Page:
Many health experts recommend that homeowners who have a private well need to have their water tested in order to make sure that it is suitable to drink. However, even if your household’s water supply has been municipally-treated to meet safe drinking standards, it could be contaminated with impurities that make it undesirable for daily household use.
Hard water is a term used to describe water that has high levels of dissolved minerals, including calcium and magnesium. Historically, hard water tended to be considered safe to drink, but it could cause several problems for homeowners, such as filmy stains on dishes, dingy clothes after laundering, and limescale buildup in plumbing that can lead to the need for costly repairs.
Chlorine in Water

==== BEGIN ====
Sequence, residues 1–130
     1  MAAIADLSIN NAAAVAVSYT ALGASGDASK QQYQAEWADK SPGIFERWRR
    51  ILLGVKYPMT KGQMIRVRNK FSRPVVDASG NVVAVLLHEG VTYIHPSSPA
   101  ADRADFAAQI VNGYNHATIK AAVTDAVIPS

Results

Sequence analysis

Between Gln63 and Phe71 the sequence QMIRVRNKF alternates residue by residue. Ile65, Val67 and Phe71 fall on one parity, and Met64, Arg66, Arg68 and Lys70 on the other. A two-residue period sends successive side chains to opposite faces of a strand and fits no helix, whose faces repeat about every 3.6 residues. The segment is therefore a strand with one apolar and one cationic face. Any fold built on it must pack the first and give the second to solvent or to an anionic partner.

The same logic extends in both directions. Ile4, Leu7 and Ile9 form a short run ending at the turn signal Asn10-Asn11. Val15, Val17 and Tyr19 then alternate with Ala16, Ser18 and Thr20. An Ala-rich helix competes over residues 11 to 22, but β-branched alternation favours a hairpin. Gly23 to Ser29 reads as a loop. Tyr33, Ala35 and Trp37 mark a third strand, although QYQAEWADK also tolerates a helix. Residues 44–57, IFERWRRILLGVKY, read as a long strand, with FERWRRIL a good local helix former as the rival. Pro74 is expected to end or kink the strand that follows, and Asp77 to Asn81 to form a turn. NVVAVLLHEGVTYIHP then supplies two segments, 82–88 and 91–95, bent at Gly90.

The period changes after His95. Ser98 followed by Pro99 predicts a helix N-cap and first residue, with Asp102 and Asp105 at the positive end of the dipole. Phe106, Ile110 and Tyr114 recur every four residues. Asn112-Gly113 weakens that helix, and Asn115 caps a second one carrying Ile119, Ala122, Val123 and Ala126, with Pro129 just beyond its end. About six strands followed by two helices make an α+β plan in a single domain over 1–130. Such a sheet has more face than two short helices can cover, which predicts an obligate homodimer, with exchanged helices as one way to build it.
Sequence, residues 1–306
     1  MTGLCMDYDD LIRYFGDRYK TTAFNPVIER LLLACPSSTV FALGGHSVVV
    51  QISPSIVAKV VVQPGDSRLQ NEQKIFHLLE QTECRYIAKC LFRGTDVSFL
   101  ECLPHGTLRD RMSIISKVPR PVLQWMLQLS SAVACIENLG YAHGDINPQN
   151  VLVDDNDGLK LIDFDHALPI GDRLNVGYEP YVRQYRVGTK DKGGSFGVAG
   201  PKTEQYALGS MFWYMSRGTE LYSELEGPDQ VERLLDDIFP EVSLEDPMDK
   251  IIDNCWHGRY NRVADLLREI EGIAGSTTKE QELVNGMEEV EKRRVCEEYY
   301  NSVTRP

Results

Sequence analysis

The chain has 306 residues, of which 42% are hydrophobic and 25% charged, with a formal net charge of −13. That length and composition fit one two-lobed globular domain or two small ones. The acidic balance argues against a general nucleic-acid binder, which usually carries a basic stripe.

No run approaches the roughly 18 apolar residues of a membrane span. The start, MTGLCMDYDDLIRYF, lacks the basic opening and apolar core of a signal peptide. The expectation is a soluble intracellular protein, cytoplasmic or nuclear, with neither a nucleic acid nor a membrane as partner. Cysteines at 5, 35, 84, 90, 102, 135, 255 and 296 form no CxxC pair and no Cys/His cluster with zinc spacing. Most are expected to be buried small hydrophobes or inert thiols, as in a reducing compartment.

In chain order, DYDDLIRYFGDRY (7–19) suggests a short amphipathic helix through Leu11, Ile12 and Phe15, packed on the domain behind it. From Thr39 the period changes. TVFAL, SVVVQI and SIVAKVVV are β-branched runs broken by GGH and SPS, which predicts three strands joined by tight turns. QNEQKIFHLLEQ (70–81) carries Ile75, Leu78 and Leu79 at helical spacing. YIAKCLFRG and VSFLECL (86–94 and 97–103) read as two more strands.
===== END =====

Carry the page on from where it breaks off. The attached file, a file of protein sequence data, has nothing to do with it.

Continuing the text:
This common disinfectant for treating water allow it to be safe for human consumption. Once the treated water reaches your home, the disinfecting agent will serve as a catalyst, and chlorine will no longer be required. However, it may remain in the water at levels that produce an undesirable smell and taste.
Low or High pH Levels
Water that is too acidic may have a metallic taste that can cause damage of plumbing fixtures. Alkaline water, on the other hand, may have an unpleasant taste such as baking soda. These are some of the possible substances that can cause water quality issues for homeowners. Water testing can also reveal the presence of chemical substances like lead and volatile organic compounds that can affect the safety and quality of your drinking water.
Schedule a FREE Water Test Today!
Even if you think you know what’s in your water, an expert CWP water quality analysis is necessary in order to come up with the appropriate solution to your specific water issues. For instance, a water softener is the best way to deal with hard water, but you will require a water quality assessment to determine what degree of hardness is present in your water so you can pick a suitable solution.
Contact Chicago Water pros today to schedule a FREE water test at your home or business.